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Moscow Mourns 39 Victims Of Metro Blasts


A woman weeps at the Lubyanka metro station in Moscow, the site of the deadliest attack.
(RFE/RL) -- Moscow is observing an official day of mourning for the 39 people killed in the twin suicide bombings on the city's metro.

Flags on government buildings are flying at half-staff and mourners have lit candles and laid flowers at the site of the attacks, which also left more than 70 people injured, many seriously.

Security remains high in the Russian capital, with armed police patrolling entrances to metro stations. The Moscow subway is one of the world's busiest underground transport systems, carrying almost 6 million passengers a day.

Tatyana, a flower vendor who works outside Park Kultury, one of the metro stations hit by the blasts, witnessed the commotion as panicked commuters rushed out of the station.

"I saw a young man and also a young woman who were very severely wounded. It was awful. That's what I saw," she told RFE/RL's Russian Service. "Everyone on the square was crying. It was awful. This is a tragedy for all."

WATCH: Muscovites pay their respects to the 39 people who died in the suicide bombings:

Day Of Mourning For Moscow Metro Victims
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Both Prime Minister Vladimir Putin and President Dmitry Medvedev have vowed to track down and kill those behind the terrorist attacks, the first to hit Moscow in six years.

Medvedev spoke late on March 29 after laying flowers on the platform at Moscow's Lubyanka metro station, where one of the attackers struck.

"These people -- we can't call them human beings -- they are just beasts, never mind whatever motives they may have, what they do is a crime according to any law and according to any morality," Medvedev said. "I have no doubt we'll find them and destroy them all."

Medvedev today also called for new laws to prevent terrorism, saying there was room for improvement in the work of government agencies.

Rush-Hour Terror

The first blast tore through Lubyanka, located beneath the headquarters of the Federal Security Service (FSB), during morning rush hour. It killed 23 people.

The second bomb went off less than 40 minutes later at Park Kultury, killing 12 more people. Another four people died in hospital.

In both attacks, the bombs were detonated as the trains pulled into the stations. Russian authorities say they believe two female suicide bombers detonated explosive belts packed with bolts and iron rods.

No group has claimed responsibility for the plot so far, but FSB chief Aleksandr Bortnikov said there were indications the perpetrators had links to the North Caucasus, where Islamist insurgents have claimed a series of deadly attacks outside the region.

Prime Minister Vladimir Putin visits a survivor at a Moscow hospital.
Russian Foreign Minister Sergei Lavrov said militants on the Afghan-Pakistani border may have helped organize the attacks.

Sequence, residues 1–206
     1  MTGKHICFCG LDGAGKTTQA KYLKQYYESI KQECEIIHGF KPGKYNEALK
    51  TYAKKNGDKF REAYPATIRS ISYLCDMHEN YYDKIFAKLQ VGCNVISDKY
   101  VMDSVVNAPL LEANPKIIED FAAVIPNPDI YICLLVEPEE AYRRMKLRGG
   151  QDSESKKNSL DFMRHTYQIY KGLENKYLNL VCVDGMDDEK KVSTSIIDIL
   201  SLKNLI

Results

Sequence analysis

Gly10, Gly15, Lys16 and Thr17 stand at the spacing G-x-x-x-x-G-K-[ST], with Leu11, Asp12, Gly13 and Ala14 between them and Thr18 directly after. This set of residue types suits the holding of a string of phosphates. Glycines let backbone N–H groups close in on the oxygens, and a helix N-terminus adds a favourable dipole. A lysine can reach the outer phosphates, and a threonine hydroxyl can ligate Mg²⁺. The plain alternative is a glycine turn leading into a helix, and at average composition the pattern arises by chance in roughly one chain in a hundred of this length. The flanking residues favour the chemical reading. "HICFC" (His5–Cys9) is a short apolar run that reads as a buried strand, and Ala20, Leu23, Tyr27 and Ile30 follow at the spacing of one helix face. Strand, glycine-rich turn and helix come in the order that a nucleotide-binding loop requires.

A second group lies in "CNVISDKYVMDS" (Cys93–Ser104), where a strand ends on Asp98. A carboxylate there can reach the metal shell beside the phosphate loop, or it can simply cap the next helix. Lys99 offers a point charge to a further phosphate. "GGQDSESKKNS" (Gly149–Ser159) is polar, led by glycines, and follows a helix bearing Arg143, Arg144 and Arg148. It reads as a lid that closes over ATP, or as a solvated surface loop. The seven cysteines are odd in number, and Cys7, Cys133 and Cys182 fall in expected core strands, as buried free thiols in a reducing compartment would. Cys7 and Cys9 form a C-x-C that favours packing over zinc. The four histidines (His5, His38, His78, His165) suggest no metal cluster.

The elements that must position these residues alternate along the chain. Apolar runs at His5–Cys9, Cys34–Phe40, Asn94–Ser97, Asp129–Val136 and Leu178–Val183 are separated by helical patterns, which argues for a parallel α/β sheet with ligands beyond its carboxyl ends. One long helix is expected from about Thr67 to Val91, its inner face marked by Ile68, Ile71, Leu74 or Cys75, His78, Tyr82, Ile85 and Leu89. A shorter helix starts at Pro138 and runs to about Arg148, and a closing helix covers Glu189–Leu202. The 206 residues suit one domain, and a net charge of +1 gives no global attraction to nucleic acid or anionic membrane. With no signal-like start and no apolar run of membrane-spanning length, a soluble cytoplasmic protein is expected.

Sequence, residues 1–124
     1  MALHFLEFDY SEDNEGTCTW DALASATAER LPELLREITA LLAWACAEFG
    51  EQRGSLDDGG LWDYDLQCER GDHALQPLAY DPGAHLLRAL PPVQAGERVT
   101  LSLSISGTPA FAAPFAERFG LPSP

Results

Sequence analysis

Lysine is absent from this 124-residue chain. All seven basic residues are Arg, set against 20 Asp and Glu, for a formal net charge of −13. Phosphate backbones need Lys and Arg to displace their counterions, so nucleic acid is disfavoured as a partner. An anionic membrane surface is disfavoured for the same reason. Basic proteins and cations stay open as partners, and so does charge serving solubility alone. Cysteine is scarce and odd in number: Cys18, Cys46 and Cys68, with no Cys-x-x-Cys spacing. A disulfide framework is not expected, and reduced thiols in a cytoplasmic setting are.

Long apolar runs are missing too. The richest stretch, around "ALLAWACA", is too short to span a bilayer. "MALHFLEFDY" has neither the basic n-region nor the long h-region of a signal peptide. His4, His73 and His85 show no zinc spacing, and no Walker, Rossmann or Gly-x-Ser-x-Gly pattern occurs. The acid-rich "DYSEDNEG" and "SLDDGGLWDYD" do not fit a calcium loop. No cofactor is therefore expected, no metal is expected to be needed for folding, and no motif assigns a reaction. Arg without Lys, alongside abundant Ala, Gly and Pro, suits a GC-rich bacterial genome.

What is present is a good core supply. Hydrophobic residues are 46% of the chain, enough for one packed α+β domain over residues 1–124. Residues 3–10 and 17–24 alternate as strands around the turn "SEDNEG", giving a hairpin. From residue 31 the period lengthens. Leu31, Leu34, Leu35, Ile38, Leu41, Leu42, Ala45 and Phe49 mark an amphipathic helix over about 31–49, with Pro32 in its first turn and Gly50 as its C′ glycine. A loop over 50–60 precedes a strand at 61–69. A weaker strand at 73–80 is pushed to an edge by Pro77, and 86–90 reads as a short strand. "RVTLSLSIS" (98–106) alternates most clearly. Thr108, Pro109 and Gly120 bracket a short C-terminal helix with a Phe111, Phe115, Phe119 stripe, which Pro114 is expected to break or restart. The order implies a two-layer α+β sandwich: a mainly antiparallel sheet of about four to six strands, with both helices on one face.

International Threat?

Speaking on March 29 on the sidelines of a Group of Eight (G8) foreign ministers' summit in Quebec, Lavrov said the perpetrators were part of an international terrorist network.

"All this reinforces the necessity of even stronger coordination of our international efforts so that terrorists -- those who organize, plan, pay for terrorist acts -- cannot feel safe anywhere," Lavrov said.

"It's a global terrorist network and we can only fight international terrorism on the basis of all the decisions taken by the international community, especially the United Nations."

Russian authorities have handed police sketches of a man suspected of helping the two female suicide bombers. They are also searching for another two women of Slavic appearance who are also believed to have helped the bombers board the metro trains.

The international community has offered its condolences to Russia and strongly condemned the attacks.

U.S. President Barack Obama pledged that his country would assist Russia in bringing the perpetrators to justice, and Secretary of State Hillary Clinton called terrorism a "common enemy."

G8 foreign ministers also denounced the bombings.

The attacks were the deadliest in Moscow since a bomb on a metro train left 41 people dead in February 2004. Six months later, a suicide bomber killed 10 people outside another Moscow metro station.

The March 29 bombings have sparked fears of a fresh wave of attacks by North Caucasus militants in mainland Russia.

Rebel attacks have been largely limited to the North Caucasus in recent years. But in November, a bombing blamed on the insurgents killed 26 people on a luxury train traveling from Moscow to St. Petersburg.

Chechen rebel leader Doku Umarov vowed last month to take the war to Russian cities.

written by Claire Bigg, with agency reports

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